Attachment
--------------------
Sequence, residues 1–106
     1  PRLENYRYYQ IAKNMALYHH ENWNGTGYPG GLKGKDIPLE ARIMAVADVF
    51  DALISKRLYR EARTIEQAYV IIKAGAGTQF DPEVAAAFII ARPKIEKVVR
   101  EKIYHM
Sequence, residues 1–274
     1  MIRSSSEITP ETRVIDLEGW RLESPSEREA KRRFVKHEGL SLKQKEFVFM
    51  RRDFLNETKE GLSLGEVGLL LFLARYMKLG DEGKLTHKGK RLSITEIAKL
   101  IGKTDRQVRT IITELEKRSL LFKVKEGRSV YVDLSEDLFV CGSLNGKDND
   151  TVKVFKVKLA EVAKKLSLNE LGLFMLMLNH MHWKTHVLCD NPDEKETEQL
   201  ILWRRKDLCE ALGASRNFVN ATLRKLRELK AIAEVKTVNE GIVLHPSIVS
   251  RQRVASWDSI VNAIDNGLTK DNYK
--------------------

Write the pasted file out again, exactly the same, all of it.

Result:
Sequence, residues 1–106
     1  PRLENYRYYQ IAKNMALYHH ENWNGTGYPG GLKGKDIPLE ARIMAVADVF
    51  DALISKRLYR EARTIEQAYV IIKAGAGTQF DPEVAAAFII ARPKIEKVVR
   101  EKIYHM
Sequence, residues 1–274
     1  MIRSSSEITP ETRVIDLEGW RLESPSEREA KRRFVKHEGL SLKQKEFVFM
    51  RRDFLNETKE GLSLGEVGLL LFLARYMKLG DEGKLTHKGK RLSITEIAKL
   101  IGKTDRQVRT IITELEKRSL LFKVKEGRSV YVDLSEDLFV CGSLNGKDND
   151  TVKVFKVKLA EVAKKLSLNE LGLFMLMLNH MHWKTHVLCD NPDEKETEQL
   201  ILWRRKDLCE ALGASRNFVN ATLRKLRELK AIAEVKTVNE GIVLHPSIVS
   251  RQRVASWDSI VNAIDNGLTK DNYK